Daughters of women with polycystic ovarian syndrome (PCOS) are five times more likely to be diagnosed with PCOS as adults, and the generational transmission is driven by high androgen levels during pregnancy, researchers at the Karolinska Institute report.1

PCOS affects more than 10% of women of fertile age and is characterized by high levels of androgens (male sex hormones), ovulation disorders, and difficulties conceiving. The syndrome is also associated with mental health conditions and a greatly increased risk of type 2 diabetes and obesity, which aggravate the symptoms. While the causes of PCOS are not fully known, the uterine environment plays a key role.

In their recent study, researchers at the Karolinska Institute combined human and mouse studies to ascertain how and to what extent the syndrome is passed down to coming generations. A registry-based study and a case-control study showed that daughters of women with PCOS are five times more likely to develop the syndrome in adulthood; they have higher levels of androgens and irregular menstrual cycles as well as abdominal obesity, a higher body mass index, and higher blood pressure.

In the animal studies, pregnant mice were fed an obesogenic diet and exposed to high levels of androgens, mimicking those conditions observed in pregnant women with PCOS. Their offspring were then fed with a regular diet and monitored into adulthood, at which point the females’ reproductive and metabolic profiles were examined. To find out if PCOS-like symptoms are transmitted to coming generations, four groups of the mice were mated to study the reproductive and metabolic profile in second-generation offspring. The whole process was then repeated for a third generation to address whether a PCOS phenotype could be transmitted across several generations.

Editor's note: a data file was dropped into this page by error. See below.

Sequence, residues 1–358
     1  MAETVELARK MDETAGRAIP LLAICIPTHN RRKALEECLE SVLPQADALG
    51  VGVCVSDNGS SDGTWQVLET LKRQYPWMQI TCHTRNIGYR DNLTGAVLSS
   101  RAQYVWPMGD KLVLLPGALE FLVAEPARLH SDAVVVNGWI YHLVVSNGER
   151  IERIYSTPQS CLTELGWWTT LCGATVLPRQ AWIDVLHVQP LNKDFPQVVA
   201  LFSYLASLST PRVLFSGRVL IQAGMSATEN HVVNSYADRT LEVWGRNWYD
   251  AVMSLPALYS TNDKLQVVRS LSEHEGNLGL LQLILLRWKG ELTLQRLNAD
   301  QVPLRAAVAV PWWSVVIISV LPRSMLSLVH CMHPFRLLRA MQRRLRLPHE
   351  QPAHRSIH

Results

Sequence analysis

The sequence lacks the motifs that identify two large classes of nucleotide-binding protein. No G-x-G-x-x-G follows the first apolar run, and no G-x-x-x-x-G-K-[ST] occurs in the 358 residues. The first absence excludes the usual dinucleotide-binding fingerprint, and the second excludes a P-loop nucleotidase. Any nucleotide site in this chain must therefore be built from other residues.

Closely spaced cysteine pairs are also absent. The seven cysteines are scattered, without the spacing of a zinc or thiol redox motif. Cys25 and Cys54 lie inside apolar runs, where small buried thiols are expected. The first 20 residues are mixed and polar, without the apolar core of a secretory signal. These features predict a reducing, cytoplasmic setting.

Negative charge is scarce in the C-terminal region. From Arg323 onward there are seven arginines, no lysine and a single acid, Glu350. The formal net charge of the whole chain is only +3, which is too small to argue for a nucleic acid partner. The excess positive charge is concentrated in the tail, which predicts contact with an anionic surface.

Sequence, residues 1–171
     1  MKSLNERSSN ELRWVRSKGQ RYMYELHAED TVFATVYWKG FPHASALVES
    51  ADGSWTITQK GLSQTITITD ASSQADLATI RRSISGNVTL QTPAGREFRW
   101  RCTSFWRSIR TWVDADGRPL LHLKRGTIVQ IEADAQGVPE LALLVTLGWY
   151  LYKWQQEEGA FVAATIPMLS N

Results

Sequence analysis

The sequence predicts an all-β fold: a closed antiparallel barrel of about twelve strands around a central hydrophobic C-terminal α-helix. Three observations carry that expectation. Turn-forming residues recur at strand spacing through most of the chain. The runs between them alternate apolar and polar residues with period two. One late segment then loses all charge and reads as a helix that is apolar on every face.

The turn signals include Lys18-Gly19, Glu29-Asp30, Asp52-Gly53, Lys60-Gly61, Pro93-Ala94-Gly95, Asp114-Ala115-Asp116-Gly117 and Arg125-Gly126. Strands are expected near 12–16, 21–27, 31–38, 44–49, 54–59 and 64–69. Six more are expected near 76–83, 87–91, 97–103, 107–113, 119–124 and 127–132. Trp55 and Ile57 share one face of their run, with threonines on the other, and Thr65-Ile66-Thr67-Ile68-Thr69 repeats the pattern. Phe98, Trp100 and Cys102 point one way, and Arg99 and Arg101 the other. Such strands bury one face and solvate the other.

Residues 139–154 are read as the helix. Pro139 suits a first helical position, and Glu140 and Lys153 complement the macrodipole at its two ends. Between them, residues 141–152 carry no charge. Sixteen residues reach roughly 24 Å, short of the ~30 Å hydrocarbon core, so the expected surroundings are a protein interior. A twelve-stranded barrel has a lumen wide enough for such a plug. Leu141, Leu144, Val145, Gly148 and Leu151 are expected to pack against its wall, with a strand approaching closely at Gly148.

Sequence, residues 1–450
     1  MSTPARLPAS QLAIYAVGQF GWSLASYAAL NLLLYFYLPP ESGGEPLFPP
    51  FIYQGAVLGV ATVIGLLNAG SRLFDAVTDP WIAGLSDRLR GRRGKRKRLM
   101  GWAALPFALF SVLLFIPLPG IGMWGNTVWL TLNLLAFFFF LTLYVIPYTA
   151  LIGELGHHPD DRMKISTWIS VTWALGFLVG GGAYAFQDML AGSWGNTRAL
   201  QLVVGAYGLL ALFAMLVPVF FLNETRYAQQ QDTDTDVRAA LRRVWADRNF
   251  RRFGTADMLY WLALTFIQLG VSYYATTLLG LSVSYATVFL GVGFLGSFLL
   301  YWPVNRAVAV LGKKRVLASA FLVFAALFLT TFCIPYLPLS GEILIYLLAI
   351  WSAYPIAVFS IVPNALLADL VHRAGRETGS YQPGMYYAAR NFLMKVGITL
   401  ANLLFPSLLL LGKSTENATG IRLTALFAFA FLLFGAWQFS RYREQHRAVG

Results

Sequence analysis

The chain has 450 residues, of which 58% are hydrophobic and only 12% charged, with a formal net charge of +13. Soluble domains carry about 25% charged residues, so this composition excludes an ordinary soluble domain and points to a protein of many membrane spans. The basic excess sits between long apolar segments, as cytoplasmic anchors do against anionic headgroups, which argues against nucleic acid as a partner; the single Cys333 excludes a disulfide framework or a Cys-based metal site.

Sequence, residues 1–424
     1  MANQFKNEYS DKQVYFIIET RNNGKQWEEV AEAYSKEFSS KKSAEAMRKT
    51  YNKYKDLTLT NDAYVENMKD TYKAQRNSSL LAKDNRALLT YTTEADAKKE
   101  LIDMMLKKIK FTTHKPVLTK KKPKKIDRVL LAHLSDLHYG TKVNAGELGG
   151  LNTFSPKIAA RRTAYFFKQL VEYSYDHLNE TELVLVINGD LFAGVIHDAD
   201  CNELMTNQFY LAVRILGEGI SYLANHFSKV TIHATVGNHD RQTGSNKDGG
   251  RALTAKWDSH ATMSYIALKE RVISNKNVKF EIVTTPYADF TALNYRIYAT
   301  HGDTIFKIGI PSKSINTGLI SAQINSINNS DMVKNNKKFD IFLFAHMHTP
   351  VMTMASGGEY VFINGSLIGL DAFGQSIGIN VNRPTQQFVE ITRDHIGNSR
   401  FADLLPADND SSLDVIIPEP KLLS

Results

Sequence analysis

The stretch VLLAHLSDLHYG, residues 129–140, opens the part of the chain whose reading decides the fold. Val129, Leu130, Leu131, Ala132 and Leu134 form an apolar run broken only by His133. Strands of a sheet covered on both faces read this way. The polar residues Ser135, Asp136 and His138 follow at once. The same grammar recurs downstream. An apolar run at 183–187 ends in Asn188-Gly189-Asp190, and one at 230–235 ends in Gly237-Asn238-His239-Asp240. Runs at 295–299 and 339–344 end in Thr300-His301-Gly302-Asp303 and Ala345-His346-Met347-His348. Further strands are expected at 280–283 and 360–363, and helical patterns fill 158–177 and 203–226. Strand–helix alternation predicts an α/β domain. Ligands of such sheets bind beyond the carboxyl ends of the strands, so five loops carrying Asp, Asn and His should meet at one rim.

“By doing this we were able to demonstrate that the combination of high androgen levels during pregnancy and an obesogenic diet consumed by the grandmothers has a deleterious effect on the fetal development of the second generation, leading to intrauterine growth restriction and miscarriage partly due to placenta dysfunction, which is in line with previous observations of women with PCOS,” says Elisabet Stener-Victorin, PhD, of the Karolinska Institute, who codirected the study with Qiaolin Deng, PhD.

The study results showed that the main contributor to the generational transmission of PCOS symptoms are androgens.

“This is a formerly unknown biological mechanism that triggers us to explore in more detail how germ cells are programmed by androgens to cause daughters of women with PCOS to develop reproductive and metabolic disorders as adults,” says Deng.

Analyses of the mice oocytes revealed alterations in gene expression that are involved in the cellular stress response, type 2 diabetes, and DNA stability—changes that are passed down to future generations. Some of the genes could also be identified in serum from daughters of women with PCOS, which the researchers say could provide potential biomarkers for predicting an increased risk of syndrome transmission.


  1. Risal S, Pei Y, Lu H, et al. Prenatal androgen exposure and transgenerational susceptibility to polycystic ovary syndrome. Nat Med. 2019;25(12):1894–1904; doi: 10.1038/s41591-019-0666-1.

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